God in the Courtroom: Religion's Role at Trial

Brian Bornstein, Monica Miller

Research output: Book/ReportBook

31 Scopus citations


The phrase 'God in the courtroom' conjures up several images, such as William Jennings Bryan defending religion against the tyranny of evolution, a robed deity passing divine judgment, a witness swearing to tell 'the truth, the whole truth, and nothing but the truth, so help me God,' and so on. But there are numerous other, often subtle ways in which religion and law intersect. This book reviews legal developments and behavioral science research concerning the effects of religion on legal practice, decision making processes of various legal actors, and trial outcomes. For example, religious beliefs might influence the decisions of legal decision makers, such as judges and jurors. Attorneys might rely on religion, both in the way they approach their professional practice generally and in specific trial tactics (e.g., using a scriptural rationale in arguing for a particular trial outcome). This book covers these and related topics in exploring how religion affects the actions of all of the major participants at trial: jurors, judges, attorneys, and litigants.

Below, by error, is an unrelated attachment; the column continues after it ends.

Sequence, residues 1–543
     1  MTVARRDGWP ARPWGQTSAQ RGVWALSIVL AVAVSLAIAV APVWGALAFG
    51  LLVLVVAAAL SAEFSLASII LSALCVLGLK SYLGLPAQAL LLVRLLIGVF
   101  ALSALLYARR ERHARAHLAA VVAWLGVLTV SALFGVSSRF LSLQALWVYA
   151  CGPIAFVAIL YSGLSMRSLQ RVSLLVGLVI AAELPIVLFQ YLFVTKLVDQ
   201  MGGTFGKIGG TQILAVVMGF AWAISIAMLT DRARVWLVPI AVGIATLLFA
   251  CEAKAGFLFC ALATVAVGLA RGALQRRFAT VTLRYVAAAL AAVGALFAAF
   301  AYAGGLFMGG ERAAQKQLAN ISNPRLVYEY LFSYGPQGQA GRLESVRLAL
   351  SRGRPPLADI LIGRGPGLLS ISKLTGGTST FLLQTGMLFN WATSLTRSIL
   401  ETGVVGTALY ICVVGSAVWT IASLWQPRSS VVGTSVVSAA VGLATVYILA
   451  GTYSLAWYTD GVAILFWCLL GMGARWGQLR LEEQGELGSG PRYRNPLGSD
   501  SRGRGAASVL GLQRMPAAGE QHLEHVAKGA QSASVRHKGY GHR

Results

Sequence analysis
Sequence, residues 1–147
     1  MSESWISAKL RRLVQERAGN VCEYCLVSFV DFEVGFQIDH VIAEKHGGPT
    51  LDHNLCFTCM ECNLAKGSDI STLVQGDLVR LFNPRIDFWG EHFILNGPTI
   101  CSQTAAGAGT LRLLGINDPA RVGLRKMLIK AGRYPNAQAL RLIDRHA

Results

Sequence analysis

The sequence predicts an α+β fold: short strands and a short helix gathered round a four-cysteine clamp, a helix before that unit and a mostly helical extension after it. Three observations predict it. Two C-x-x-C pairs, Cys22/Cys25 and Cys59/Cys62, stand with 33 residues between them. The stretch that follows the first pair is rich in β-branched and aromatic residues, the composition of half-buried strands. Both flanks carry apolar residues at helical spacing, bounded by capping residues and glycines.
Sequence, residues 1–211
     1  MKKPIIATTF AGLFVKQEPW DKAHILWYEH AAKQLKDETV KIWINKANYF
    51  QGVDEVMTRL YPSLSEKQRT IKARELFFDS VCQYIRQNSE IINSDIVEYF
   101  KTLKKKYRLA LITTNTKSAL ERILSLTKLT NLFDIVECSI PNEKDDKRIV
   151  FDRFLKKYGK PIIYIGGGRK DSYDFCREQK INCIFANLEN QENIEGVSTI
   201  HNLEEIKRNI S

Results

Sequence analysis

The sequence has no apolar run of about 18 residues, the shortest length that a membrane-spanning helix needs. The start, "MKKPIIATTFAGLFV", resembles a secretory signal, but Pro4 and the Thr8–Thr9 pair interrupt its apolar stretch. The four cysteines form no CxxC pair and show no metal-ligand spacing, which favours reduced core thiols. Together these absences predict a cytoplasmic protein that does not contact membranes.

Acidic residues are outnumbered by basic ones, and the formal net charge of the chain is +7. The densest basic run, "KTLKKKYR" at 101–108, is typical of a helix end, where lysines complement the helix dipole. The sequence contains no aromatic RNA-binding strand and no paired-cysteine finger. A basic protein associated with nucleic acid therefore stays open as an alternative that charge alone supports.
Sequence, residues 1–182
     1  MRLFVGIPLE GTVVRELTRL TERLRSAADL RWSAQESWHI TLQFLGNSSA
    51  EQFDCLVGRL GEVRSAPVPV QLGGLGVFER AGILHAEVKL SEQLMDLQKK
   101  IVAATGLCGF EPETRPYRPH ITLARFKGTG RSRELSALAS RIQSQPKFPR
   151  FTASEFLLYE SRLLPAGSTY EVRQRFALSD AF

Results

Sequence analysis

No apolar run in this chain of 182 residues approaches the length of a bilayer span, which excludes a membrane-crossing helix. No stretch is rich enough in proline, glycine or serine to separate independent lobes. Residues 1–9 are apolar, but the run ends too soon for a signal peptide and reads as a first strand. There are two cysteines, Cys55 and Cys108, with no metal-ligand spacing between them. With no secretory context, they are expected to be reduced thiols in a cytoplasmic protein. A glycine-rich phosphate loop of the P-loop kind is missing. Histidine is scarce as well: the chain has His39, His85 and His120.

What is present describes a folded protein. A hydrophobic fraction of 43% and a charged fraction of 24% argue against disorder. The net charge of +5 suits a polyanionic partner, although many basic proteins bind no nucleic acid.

Original languageEnglish (US)
PublisherOxford University Press
Number of pages272
ISBN (Electronic)9780199869954
ISBN (Print)9780195328677
StatePublished - Sep 1 2009
Externally publishedYes


  • Attorneys
  • Judges
  • Juries
  • Jurors
  • Legal practice
  • Litigants
  • Religious denominations
  • Trials

ASJC Scopus subject areas

  • General Psychology


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